Spiritual traditions, since ancient times, have regarded the gravitational pull of the ego, the power of the self-contraction, and the deluding power of common human society as an enormously formidable force. Monastic orders from ancient times have endeavored to create an alternate cultural reality within which something else might be possible. They also viewed the process as an adventure, not a science. To use a contemporary metaphor — it takes a nearly superhuman force to break free of the gravity of the ego and common worldly human society and to achieve “escape velocity” to go into the orbit of sustainable higher spiritual realization of transpersonal states and stages of consciousness.

Is Spiritual Teaching a “Professional” Discipline?

The criteria suggested in the Integrales Forum position paper are essentially congruent with the criteria I apply to myself as a spiritual teacher. Transparency and authentic self-disclosure can create deeper, more authentic contact. Accountability arises naturally in that spiritual intimacy. I am interested in participating in (and helping to convene) a culture of integral evolutionary spiritual teachers (and coaches, by the way I suggest that integral evolutionary spirituality is best served by a whole new “ecology of helpers” rather than only the ancient teacher-student dynamic, and that elder peer “coaches” providing a professional evolutionary service, can be a central role in that emerging ecology.) The questions you ask of teachers are legitimate ones I try to answer in the way I approach my own work with people.

But I hope you will not insist on applying them as absolute or formal requirements of all teachers, or on regarding anyone who chooses not to submit themselves to these criteria as ipso facto illegitimate or dangerous. Asking and answering your questions will tend to democratize the whole affair of spiritual teaching, allowing for professionalism and clarity, and reducing the potential for abuse. But can spiritual teachers be regarded as mere “professionals” or are some of them authentically transcendent, of a higher status, deserving a reverence more like that traditionally accorded to them (even if many who presumed that status in the past have fallen short)?

It is intelligent and responsible to try to raise the level of the discourse and discrimination, asking and trying to answer key questions. How do we hold teachers to an ethical standard? Can we define a single code of conduct that applies realistically to them all, regardless of their own level of awakening and vision? Are there multiple categories of teachers and standards? What criteria apply? Who sets them? How? What are they exactly? But since spiritual teaching addresses, by its nature, the unknowable and ineffable Mystery of existence and the leading edges of human potential, I doubt if it is possible to answer all these questions finally and completely. Spirituality and the adventure of spiritual awakening strive to exceed the limits of what we already know and understand.

Recognizing that context, I want to focus on another question: Is it realistic or even desirable to render the great matter of spiritual transformation utterly “safe”? Isn’t it at least potentially legitimate for an advanced teacher to assert a higher status based on an extraordinary realization, and on that basis to create a “hard school” of fierce demands fit only for the most passionately committed, a cauldron of transformative fire that people are warned to “enter at their own risk”? Our criteria, if applied rigidly or programmatically, would run the risk of taming the stormy vitality of the evolving edge of human spiritual evolution, turning all spiritual teachers into professionals bound to professional standards. Teachers thus bound would not really be free to “go for it” in the spirit of passionate experimentation. If we inadvertently contribute to an attempt to domesticate every single member of this wild species, we risk losing or marginalizing something vital and necessary to our continued growth and development.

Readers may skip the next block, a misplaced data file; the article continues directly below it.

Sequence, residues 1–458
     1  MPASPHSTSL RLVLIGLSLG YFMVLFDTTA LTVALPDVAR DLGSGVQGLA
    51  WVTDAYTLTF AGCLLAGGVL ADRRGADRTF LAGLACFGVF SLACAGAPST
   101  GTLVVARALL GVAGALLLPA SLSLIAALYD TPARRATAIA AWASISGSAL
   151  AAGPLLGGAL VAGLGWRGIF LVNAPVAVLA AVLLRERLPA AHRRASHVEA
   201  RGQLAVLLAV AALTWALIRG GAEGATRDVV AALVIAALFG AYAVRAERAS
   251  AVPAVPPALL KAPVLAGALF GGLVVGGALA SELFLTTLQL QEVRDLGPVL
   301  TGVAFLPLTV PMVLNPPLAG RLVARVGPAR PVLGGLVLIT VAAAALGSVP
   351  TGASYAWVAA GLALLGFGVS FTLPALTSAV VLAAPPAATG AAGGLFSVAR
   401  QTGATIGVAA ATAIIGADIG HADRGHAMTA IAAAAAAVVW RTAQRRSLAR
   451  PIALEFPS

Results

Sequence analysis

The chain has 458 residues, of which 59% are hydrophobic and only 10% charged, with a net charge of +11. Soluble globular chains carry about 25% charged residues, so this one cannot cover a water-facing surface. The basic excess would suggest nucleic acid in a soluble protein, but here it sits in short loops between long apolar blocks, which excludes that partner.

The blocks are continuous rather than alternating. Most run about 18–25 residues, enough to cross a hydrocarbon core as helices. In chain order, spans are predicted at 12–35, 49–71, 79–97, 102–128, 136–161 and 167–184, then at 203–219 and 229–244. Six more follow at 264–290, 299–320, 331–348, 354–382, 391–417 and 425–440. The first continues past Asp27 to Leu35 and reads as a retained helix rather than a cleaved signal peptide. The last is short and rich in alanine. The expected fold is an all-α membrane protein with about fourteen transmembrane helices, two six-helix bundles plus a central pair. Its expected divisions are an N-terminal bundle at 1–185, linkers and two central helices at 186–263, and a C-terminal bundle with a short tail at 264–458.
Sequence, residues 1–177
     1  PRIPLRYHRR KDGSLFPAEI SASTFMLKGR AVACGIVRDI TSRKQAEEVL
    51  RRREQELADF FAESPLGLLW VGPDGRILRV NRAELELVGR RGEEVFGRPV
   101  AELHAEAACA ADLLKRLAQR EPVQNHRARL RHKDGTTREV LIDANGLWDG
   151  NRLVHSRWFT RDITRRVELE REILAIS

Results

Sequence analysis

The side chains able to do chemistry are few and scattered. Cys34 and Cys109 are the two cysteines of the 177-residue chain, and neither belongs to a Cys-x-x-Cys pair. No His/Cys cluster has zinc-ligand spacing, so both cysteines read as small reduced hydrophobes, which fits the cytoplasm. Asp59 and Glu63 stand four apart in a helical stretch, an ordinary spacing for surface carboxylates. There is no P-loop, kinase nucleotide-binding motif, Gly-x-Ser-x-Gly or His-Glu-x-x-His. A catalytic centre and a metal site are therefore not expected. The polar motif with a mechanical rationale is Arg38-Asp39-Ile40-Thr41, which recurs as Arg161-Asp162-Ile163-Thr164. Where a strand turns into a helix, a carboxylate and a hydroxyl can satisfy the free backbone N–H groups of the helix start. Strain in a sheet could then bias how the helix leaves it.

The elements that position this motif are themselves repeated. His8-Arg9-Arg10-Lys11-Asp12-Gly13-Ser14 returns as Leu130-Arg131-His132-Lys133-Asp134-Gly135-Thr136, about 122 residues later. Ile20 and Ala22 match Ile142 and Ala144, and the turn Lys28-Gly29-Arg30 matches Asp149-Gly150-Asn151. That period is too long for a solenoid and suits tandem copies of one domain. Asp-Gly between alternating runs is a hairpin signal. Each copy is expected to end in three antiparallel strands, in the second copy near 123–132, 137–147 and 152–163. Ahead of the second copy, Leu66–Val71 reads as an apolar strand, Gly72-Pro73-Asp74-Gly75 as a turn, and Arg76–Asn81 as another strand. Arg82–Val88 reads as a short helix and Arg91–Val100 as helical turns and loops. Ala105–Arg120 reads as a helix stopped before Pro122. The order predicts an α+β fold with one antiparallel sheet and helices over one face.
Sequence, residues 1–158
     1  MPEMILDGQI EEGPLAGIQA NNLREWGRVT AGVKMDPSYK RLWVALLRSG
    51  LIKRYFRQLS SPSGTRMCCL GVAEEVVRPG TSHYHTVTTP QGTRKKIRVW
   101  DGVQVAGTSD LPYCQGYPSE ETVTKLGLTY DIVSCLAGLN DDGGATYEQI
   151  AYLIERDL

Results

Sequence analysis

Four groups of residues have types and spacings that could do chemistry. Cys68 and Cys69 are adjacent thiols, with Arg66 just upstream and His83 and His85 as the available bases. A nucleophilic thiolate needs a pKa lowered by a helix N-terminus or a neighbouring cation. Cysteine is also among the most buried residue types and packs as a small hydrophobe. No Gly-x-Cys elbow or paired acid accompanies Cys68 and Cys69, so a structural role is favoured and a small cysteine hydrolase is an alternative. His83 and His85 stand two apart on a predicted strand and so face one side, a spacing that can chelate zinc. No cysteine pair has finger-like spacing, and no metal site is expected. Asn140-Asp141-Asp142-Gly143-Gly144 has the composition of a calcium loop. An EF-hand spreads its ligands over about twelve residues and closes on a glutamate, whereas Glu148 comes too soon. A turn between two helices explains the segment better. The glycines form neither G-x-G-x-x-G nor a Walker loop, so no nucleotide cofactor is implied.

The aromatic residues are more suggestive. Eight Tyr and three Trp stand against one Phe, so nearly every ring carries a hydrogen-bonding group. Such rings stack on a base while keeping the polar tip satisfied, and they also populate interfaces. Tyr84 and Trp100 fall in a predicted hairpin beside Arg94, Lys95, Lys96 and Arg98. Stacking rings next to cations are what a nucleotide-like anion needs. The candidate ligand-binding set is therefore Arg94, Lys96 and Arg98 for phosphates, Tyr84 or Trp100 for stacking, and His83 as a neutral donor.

Gratitude for Enlightened Wildness

I spent fifteen years as a student of Adi Da Samraj, a truly great spiritual teacher who is often publicly denounced as an abuser. My view of him is complex, full of nuances and paradoxes, and impossible to adequately summarize in this short space. One telling phrase I have written about him is that he was “one part Jesus Christ, one part Picasso, one part Nagarjuna, one part Marlon Brando, and one part Genghis Khan. And more…” I am inexpressibly grateful for the incomparable education I received during my time with him. My devotional love affair with him transformed me and set the course of my life. At the same time, I was always a critical student, a practitioner of “defiant devotion.” I was a devotee who objected to his choices and behaviors, criticized him, disobeyed some of his commands, and even ended my membership in his ashram altogether over twenty years ago. It was the nature of my (truly blessed) relationship with him to struggle with him intensely and tenaciously even after I left, for a total of thirty-five years — all in the context of a profound and transcendent spiritual relationship.

This sounds strange, if not utterly incomprehensible, to most people, and I know it’s not realistic to expect my paradoxical experience to be deeply understood very widely in contemporary culture. But I received transformative blessings not just from the aspects of Adi Da that people would regard as legitimate and praiseworthy. I got tremendous value from aspects of my experience that others would regard as preposterous, “abusive” and/or unreasonable. Some of my most profound learnings came after I left; they were printed, as it were, “on the inside of the label” (and visible only upon tearing it apart.) I don’t endorse or excuse all his behaviors. Again, I’ve been a fierce critic (and, viewed conventionally, also a victim, or survivor, of “abuse” — who suffered real injuries and processed a great deal of rage over them) but grew tremendously in the process. And now I hold all of it with gratitude, even though I remain not only devotional but also critical.